A moment of magical surrealism at CES infuses BBG blogger with mundane wonder

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The Toshiba presser begins with a curiously Mac-centric variation of the BSOD projected in triplicate in between a quatrain of anonymous, hooded HDTVs: a trial version nag screen courtesy of Little Snitch, a program often used by Apple pirates to prevent warezed apps from phoning home.

The audience gasps. There are a couple of nervous titters. Two loud mouthed gentlemen sitting next to me — men whom, after their whole clueless generation, use the word “blog” to mean “post” — grab each other, as if to mutually brace one another during the throes of spontaneous micturation. “OH…. MY…. GOD….” one whistles through his moustache.

The mind reels. No one can process it. A few war hardened photogs lift their cameras and pop off a few shots. Paddle shocked by the exploding flashes into plodding action, I realize I should do the same, remove the cap from my camera…

And then, just like that, the Little Snitch nag screen is gone. Silently but pervasively, the audience forms a covenant inside itself: the Little Snitch nag screen must not be mentioned. It is simply too unreal. Like victims of mass alien abduction, we dare not utter that which peels away the cowl of our society’s own accepted truth.

But as the tedium of the Toshiba presser sets in properly, I find my mind going back to the Little Snitch nag screen time and time again, an ineluctable memory to be fondly cherished. As magical and unexpected as a pegasus unicorn charging through a bah mitzvah, it is — by far — the most exciting moment yet of my CES presser experience.

I, of course, have no proof: only the mundanity of the anecdote testifies to its authenticity. maybe other blogs will corroborate. But who cares? I tell this story for a reason: I feel it puts into perspective the unfathomable boredom of sitting through these pressers. Really, guys… this shit is rough. If you perceive a certain amount of reservedness in our posts this morning, there’s your reason: the energy and excitement inherent in the average CES presser makes an episode of The Golden Girls seem as high octane and sexy as a John Woo directed gang bang.

Did you know there are people who come to CES for fun? Who fake their blogging credentials to get into these very same pressers? Chattering enthusiasts who send purple, gastropoidal tongues rolling in ecstasy over their gray, mottled lips with every freshly revealed Powerpoint slide? These inexplicable people wander the halls of the Sands Convention Center… as perverse, sadomasochistic and profane as genital auto-mutilation hobbyists. Horror.

But I digress. Your regularly scheduled coverage of Toshiba CES presser will follow momentarily. Buckle in your sputtering gastric systems: it’s going to be a doozy!

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9 Responses to A moment of magical surrealism at CES infuses BBG blogger with mundane wonder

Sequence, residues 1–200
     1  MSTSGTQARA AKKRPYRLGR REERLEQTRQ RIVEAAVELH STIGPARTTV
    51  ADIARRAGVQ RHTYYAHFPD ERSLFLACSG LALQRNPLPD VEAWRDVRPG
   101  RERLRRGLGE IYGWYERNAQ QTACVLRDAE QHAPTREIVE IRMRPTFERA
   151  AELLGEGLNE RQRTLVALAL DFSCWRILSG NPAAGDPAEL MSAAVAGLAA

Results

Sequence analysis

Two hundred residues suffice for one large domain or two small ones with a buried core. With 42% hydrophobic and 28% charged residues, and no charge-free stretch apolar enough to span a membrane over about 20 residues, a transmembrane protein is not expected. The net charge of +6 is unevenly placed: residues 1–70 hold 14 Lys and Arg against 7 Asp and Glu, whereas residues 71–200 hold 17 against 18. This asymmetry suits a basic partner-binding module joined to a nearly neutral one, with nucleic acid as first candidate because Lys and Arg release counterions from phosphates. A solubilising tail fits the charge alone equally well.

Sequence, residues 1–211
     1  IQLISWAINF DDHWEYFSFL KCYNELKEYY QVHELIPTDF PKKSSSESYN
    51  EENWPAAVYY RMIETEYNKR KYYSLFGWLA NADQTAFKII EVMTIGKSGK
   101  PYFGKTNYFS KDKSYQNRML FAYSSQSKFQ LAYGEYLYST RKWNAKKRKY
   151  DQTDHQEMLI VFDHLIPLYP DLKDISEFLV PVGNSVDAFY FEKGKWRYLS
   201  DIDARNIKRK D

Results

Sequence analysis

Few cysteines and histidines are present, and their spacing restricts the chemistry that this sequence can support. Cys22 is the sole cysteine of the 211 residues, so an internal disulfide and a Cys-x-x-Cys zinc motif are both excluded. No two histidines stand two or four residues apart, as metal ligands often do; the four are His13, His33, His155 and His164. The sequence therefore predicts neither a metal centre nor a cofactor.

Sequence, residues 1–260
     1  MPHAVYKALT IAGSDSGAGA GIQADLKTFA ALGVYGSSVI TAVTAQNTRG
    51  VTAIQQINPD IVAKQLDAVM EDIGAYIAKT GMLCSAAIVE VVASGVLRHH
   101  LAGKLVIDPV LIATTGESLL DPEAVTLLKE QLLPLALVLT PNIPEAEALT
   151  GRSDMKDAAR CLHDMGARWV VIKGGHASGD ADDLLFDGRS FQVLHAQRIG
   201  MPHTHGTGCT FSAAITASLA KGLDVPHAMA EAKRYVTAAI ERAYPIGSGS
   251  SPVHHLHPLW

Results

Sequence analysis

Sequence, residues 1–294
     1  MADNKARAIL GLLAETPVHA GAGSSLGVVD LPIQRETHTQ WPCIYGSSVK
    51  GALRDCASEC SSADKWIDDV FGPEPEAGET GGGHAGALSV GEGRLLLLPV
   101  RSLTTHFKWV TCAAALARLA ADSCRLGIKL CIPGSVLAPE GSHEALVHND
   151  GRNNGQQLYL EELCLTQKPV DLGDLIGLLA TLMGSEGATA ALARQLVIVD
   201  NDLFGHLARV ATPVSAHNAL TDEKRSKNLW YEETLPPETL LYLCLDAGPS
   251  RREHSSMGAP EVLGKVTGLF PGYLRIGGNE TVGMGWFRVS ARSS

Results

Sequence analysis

1. Shrdlu says:

    SNEJ@#4: I agree–well, more of a reverse firewall, isn’t it? I like to know what communications are going in and out, especially on the Web. I also like to know when non-pirated software is calling home.
    _________________________

    < >

    Is “bah mitzvah” when a lamb becomes a ram, or is this an alternative spelling I’ve never seen? Nonetheless, you are the master of metaphor, the sultan of simile. “…genital auto-mutilation hobbyists:” nice touch.

  2. Joel Johnson says:

    In my day we had to blog CES uphill.

  3. pork musket says:

    Damn, now I can’t get the thought of a lesbian Mexican standoff out of my head.

  4. DSMVWL THS says:

    This post exemplifies why BB Gadgets is so much fun to read. It’s my favorite flavor of Boing Boing.

  5. sisyphus says:

    I would have to suppose that “bah mitzvah” is the androgynous middle ground between the bat mitzvah, for 13-year-old girls, and bar mitzvah, for 13-year-old boys.

    Or perhaps an indecisive and indifferent grunt, “bah!”

  6. snej says:

    I have no doubt that some software piraters use Little Snitch, but there’s nothing shady about the app. It’s just a form of firewall that lets you monitor and control what network connections apps make, and there are plenty of legitimate reasons to use it for security purposes.

    But I get the take-home point: in the face of such monumental tedium, any sort of even slightly unexpected thing can assume monstrous status. Be brave, guys; I’m glad you’re over there defending my freedom. Or something.

  7. A New Challenger says:

    Brownlee and Jim Sterling need to have a baby.

  8. Anonymous says:

    Age corrupts us all! So sorry to hear of your imminent retirement, Joel… but rilly I kid.

    Remember, new media’s only “killer app” is filtering and reviews…

    Your cross to bear is CES inanity — mine is Whovianism! Everyone I’ve ever loved… le sigh!

  9. eustace says:

    You toil and struggle through the stinking bowels of Hell so we don’t have to. My hat’s off to you, guys. Give yourselves some Palm Theater – you deserve it.

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